Our understanding of antique Regency furniture (c.1800-1835) stems from a handful of surviving houses and their interiors, the most famous of which is Brighton Pavilion, constructed for the Prince Regent from 1787 and finished by John Nash between 1815 and 1822.
During the Regency period there were also numerous pattern books published, perhaps most importantly Thomas Sheraton's Cabinet Dictionary of 1803. Such pattern books, usually available as serials by subscription, were highly influential and were widely disseminated. The quartetto nest of tables below, stamped 'T. Rose Gillows - Lancaster', bears striking resemblance to a set made in satinwood after a design from Sheraton's Cabinet Dictionary [Plate 75], and another which Gillows themselves furnished to Stephen Tempest of Broughton Hall, North Yorkshire, in August 1803 (two months before Sheraton's publication). Sheraton wrote of the design that it forms 'a kind of small work table made to draw out of each other, and may be used separately and again enclosed within each other when not wanted'. They were instantly fashionable due to their flexible and convenient nature, such that in his 1808 publication A Collection of Designs for Household Furniture and Interior Decoration, the designer George Smith noted that they help 'prevent the company rising from their seats, when taking refreshments'. Of particular note in Gillow's design is the comparative narrowness of the set when closed, and the curved, laminated stretchers that slot together elegantly above the splayed feet.
The designs of Sheraton, alongside his contemporaries such as Henry Holland and Thomas Hope, also served to contextualise every item of furniture within a suite of corresponding pieces, setting designs in to an overarching scheme that explored specific influences from a range of sources.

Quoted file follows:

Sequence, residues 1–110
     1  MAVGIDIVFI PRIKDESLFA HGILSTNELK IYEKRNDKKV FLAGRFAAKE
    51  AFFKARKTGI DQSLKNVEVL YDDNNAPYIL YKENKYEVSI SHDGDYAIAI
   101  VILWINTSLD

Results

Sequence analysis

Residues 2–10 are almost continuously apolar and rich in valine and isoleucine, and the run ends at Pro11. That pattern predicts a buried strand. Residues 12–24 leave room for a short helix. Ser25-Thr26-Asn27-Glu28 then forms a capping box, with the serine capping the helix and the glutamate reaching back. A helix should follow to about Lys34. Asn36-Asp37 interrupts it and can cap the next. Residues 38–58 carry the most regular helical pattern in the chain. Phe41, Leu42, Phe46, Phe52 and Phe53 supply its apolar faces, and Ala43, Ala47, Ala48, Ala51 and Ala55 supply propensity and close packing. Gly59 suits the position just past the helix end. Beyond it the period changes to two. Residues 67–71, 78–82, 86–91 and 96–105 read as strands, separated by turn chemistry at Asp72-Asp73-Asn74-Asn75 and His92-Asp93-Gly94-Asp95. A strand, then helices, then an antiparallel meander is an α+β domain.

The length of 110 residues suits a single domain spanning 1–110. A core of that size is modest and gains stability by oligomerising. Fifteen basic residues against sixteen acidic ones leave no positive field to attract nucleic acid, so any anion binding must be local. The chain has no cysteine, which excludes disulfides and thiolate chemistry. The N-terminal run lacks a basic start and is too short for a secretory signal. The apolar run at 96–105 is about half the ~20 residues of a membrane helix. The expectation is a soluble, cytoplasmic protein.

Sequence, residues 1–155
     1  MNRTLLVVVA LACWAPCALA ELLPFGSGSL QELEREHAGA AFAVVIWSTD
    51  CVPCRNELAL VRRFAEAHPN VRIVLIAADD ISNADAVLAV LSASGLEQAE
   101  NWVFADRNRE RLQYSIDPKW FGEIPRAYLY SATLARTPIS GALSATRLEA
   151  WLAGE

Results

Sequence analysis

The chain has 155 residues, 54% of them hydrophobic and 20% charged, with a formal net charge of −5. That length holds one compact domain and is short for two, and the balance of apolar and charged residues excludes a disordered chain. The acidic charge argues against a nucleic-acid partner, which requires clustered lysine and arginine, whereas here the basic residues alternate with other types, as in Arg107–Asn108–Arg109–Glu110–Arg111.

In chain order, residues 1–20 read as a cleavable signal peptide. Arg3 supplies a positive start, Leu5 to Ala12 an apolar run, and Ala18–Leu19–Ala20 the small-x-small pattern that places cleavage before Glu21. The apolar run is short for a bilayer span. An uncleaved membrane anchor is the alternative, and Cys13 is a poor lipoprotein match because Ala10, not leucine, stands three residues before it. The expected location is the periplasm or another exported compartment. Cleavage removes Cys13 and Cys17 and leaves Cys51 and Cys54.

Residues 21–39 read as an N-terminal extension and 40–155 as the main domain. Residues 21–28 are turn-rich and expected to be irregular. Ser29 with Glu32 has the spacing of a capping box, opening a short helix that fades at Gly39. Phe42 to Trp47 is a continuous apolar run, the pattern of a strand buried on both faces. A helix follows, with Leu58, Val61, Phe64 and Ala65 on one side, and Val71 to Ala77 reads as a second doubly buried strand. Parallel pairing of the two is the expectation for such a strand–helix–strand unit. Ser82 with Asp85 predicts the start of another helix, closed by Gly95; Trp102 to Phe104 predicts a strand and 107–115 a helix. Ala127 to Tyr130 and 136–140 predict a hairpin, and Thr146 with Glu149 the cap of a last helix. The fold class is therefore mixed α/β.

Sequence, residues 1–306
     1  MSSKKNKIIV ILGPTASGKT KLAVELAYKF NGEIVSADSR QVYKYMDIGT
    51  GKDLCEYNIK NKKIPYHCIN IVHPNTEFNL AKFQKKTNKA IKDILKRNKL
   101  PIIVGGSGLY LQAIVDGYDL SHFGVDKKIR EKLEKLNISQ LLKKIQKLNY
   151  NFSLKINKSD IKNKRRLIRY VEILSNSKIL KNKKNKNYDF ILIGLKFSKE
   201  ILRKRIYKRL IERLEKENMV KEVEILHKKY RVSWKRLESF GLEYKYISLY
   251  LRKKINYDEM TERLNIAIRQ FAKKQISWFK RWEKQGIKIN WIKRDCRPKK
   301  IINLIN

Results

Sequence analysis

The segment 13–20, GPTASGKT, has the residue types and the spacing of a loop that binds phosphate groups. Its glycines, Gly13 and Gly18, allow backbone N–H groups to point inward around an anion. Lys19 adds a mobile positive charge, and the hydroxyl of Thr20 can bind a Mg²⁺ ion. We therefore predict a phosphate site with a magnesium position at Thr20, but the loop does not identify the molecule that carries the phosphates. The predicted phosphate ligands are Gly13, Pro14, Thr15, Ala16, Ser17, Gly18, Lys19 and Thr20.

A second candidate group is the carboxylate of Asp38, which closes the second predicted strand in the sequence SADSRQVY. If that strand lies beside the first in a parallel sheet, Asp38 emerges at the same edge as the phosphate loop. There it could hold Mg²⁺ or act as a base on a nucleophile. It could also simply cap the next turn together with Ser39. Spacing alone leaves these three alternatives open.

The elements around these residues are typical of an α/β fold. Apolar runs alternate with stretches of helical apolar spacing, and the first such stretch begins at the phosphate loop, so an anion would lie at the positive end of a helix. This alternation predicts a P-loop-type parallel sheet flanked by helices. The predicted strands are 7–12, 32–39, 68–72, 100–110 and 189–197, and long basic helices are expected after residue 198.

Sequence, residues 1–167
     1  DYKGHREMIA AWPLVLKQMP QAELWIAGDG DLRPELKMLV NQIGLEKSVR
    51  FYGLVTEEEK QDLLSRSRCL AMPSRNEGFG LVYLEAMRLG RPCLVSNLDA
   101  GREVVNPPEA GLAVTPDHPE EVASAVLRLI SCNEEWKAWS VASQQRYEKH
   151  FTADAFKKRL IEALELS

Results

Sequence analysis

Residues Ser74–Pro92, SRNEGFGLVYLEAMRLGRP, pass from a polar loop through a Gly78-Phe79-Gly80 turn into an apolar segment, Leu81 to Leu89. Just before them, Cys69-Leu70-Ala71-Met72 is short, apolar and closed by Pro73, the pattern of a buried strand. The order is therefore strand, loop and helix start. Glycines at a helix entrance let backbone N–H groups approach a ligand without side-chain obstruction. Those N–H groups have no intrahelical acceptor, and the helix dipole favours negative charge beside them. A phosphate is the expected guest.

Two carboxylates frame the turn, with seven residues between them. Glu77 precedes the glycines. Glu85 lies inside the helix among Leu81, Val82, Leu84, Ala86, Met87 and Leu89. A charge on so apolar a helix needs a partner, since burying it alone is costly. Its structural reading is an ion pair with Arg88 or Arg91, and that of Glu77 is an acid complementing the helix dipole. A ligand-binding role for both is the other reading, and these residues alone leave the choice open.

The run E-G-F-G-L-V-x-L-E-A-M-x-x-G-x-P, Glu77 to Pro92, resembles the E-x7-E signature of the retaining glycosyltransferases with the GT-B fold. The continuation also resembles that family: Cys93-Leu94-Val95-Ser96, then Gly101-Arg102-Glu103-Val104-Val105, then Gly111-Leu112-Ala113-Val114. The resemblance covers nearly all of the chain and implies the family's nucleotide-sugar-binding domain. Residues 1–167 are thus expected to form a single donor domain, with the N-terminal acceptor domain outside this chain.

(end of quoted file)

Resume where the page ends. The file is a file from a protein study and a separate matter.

The suite of Regency furniture below, of a consumate and striking design, is a rare survivial when one considers the vagaries of inheritance, tax, and losses of fortune that have split up so many important interiors from the period.
Hand in hand with the rise of the interior designer went the creation of new types of furniture such as breakfront chiffoniers, the best of which incorporate such detailing as 'coin', as well as 'bead and reel', moulding in sympathetic and refined combinations (see the example below).
Many of these carved details originated in the architecture of acient Greece and Rome, which was becoming more widely known with the circulation of drawings brought back from the Grand Tour by artists such as Edward Dodwell and Simone Pomardi. In 1805, the pair took twelve months to travel across Greece, making over a thousand drawings, paintings, and panoramic scenes (some of them over four meters long).
From the geometrically and harmoniously proportioned grand architectural models of Greco-Roman temples, furniture makers gave new flourishes to their creations. George Bullock, a regional furniture maker from Liverpool known for his strongly carved designs, set up shop in 1806 in a showroom he called the 'Grecian Rooms'. Similarly, the best Edinburgh cabinet maker of his day, William Trotter, began introducing rich details such as scrolling lotus leaf designs to his furniture, after Egyptian antiquities. George Smith even published, in 1811, A Collection of Ornamental Designs after the Manner of the Antique, which included many such designs. The Regency period was thus an era in which even the largest architectural schemes of the ancient European civilisations were being reincarnated on the more modest scale of the modern interior. Rudolph Ackerman, in an 1823 publication for his ongoing series Repository of Arts, signaled exactly this amalgamation of the modern and the antique in reference to a well proportioned chiffonier like the one above, suggesting that it is 'calculated to contain all the books that may be desired for a sitting-room without reference to the library.'
Convex mirrors were also made popular during the Regency period. Though their origins lie in the fifteenth century, when they were called 'Oeil de Sorcière' (the Sorcerer's eye) on account of their distorting action, their effect on the spaces into which they were set was of particular interest to Regency designers. A convex mirror could 'strengthen the colour and take off the coarseness of objects by contracting them' noted Sheraton in his Cabinet Dictionary, and 'the perspective of the room in which they are suspended presents itself on the surface of the mirror, and produces an agreeable effect.'